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The Middlegame In Chess Znosko-b

I first began collecting and reading chess books in 1971. Several of my books are brand new and can be found in bookstores today, but most of them are long out of print and can only be found in used bookstores.

The Middlegame In Chess Znosko-b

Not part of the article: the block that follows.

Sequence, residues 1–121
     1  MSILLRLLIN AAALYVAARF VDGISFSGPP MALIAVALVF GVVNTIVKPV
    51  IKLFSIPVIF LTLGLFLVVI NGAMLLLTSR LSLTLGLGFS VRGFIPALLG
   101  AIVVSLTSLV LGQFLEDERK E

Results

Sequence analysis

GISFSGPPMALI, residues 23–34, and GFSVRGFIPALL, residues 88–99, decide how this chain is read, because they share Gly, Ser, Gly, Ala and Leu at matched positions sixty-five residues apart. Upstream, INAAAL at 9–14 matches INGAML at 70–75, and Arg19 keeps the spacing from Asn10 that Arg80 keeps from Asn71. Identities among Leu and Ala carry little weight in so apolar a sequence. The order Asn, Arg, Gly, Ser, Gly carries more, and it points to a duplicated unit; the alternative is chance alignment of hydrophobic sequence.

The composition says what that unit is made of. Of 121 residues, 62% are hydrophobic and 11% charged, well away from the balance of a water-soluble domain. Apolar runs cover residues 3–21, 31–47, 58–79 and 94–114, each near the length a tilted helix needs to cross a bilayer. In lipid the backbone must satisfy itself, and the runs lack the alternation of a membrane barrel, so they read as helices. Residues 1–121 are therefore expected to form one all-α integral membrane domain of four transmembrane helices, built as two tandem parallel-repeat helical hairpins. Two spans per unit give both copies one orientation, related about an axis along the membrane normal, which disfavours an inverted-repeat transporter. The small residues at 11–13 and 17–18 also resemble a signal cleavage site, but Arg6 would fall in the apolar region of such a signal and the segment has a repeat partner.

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Chess RHIZOME is a hypertext I have constructed to explore across disciplinary boundaries the range of references to chess, the chessboard, its pieces, its rules, and the peculiar role that time plays in the process of unfolding the game itself (Figure 1). The method informing Chess RHIZOME's design draws on the work of Gilles Deleuze in the forging of contingent alliances among the disciplines of science, philosophy, and the arts, for the purpose of conducting epistemological investigations. The motive for this project is to explore metaphor (or tropes more generally) as a site for interdisciplinary study. Particularly, Chess RHIZOME exploits the unstable nature of Richard Boyd's Theory Constitutive Metaphor (TCM) as a ground for epistemological criticism, by mapping the logics of the drift of the chess trope across disciplinary boundaries, in order to make visible its cultural work. The three particular logics that this hypertext project attempts to model are: 1) genealogical: the causal drift of a trope fr om one user to another; 2) naive: the opaque, unselfconscious use of a particular trope, with an uncritical acceptance of its epistemological baggage; and 3) ironic: the transparent and self-conscious use of a particular trope, with a skeptical perspective on its epistemological baggage. Later in this essay I will discuss these three tropic logics as a methodology for interdisciplinary science studies.

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